Footage has emerged showing the heartbreaking sight of the Afghan flag flying at the Tokyo 2020 Paralympic games with no athletes standing behind it.
Taekwondo competitor Zakia Khudadadi and track athlete Hossain Rasouli were the only two athletes set to represent the country at the Games in Japan, which started on Tuesday.
However, it was confirmed last week that the two athletes would no longer be competing in the competition since they are unable to leave Afghanistan following the Taliban's seizure of power on 15 August.
Khudadadi, 23, had been set to become the country’s first female Paralympian and the first female athlete from Afghanistan to compete at the Games since 2004.
The 23-year-old had previously told the International Paralympic Committee (IPC) that she was "thrilled"to be the first woman since Athens 2004 to compete.
Meanwhile, Rasouli, 24, who lost his left arm in a mine blast, was also set to make his Paralympic debut, calling the opportunity a "dream".
Last Monday, it was confirmed that neither athlete had been able to take their scheduled flight out of the country.
In a sign of solidarity to the Afghan athletes, the IPC tweeted a photo of the flag being raised during the opening ceremony.
Watch: Afghan athlete pleads to go to Paralympics
IPC president Andrew Parsons told Reuters last week said: "There are no commercial flights. We all have seen the images from the airport in Kabul.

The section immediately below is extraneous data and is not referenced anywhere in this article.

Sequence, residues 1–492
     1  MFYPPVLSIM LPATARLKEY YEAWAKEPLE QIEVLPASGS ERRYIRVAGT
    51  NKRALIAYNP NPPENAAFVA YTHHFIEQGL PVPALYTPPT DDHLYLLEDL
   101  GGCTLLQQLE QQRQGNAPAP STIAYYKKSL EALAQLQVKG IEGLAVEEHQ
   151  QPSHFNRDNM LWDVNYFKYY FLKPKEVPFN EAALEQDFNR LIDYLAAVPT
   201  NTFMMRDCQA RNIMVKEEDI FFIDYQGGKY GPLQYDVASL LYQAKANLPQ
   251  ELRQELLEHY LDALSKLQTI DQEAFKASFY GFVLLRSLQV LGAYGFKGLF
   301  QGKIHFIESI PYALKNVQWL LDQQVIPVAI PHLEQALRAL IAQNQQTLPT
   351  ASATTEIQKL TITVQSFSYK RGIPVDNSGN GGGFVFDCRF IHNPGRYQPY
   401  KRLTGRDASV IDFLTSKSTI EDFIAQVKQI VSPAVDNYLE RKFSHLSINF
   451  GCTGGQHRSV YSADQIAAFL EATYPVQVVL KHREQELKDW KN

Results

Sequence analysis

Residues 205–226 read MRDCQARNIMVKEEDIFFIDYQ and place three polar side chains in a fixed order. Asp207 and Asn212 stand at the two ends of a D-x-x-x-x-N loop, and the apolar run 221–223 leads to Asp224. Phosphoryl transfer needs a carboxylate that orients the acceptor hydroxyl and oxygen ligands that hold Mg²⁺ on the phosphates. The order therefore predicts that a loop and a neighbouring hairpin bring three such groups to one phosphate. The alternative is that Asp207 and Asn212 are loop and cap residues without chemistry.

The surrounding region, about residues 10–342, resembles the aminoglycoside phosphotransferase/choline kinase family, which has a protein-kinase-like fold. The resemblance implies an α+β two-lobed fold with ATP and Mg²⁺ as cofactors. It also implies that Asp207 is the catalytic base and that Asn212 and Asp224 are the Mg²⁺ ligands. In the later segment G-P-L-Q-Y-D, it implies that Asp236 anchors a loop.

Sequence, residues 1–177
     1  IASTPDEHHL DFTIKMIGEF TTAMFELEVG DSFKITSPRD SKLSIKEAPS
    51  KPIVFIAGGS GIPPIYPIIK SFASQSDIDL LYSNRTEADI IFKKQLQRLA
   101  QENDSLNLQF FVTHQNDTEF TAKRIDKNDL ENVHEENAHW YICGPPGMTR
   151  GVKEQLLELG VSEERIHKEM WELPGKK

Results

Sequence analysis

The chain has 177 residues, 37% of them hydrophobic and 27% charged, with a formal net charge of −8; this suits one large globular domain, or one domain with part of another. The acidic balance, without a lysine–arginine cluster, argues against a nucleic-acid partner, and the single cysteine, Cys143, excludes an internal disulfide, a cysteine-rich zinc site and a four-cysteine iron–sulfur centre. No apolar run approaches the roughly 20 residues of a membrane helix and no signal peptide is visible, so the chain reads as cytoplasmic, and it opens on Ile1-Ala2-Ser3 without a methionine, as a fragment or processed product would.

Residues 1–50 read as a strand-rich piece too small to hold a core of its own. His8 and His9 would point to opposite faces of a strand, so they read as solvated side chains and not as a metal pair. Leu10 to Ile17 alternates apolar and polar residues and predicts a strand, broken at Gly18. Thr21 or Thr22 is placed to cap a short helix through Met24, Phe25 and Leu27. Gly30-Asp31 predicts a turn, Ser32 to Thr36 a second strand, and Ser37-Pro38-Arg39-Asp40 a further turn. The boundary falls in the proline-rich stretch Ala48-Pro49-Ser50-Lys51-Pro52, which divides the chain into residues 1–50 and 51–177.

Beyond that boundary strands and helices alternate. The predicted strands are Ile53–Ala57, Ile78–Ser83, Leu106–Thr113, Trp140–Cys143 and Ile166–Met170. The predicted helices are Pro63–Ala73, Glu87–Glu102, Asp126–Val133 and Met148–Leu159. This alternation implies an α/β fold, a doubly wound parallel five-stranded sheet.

"It became clear to us right from the beginning that there will be no safe way to try to bring these athletes to Tokyo."
On Monday, Khudadadi said in a video message from Kabul, provided to Reuters, that she felt "imprisoned" as she pleaded for help.
"I request from you all, that I am an Afghan woman and as a representative of Afghan women ask for you to help me," she said.
"My intention is to participate in the Tokyo 2020 Paralympic Games, please hold my hand and help me.
"I urge you all, from the women around the globe, institutions for the protection of women, from all government organisations, to not let the rights of a female citizen of Afghanistan in the Paralympic movement to be taken away so easily.
"The fact that we ourselves have lifted ourselves from this situation, that we have achieved so much, it cannot be taken lightly. I have suffered a lot, I don't want my struggle to be in vain and without any results. Help me."
It comes as the Paralympic Games began on Tuesday after the Olympics ended earlier this month.
Like the Olympics, the Tokyo Paralympics are taking place largely without spectators as coronavirus continues to spread in the country.
Japan has extended COVID-19 emergency measures in the capital and other regions that will run through the Games.
Tokyo announced 4,377 new coronavirus cases on Tuesday, after a record 5,773 on Friday.
Watch: Tokyo Paralympics open with fireworks display